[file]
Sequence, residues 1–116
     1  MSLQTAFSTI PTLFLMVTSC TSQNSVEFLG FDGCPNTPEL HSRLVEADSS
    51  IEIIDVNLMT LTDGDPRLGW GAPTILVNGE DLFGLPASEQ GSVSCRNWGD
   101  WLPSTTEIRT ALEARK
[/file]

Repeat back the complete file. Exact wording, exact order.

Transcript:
Sequence, residues 1–116
     1  MSLQTAFSTI PTLFLMVTSC TSQNSVEFLG FDGCPNTPEL HSRLVEADSS
    51  IEIIDVNLMT LTDGDPRLGW GAPTILVNGE DLFGLPASEQ GSVSCRNWGD
   101  WLPSTTEIRT ALEARK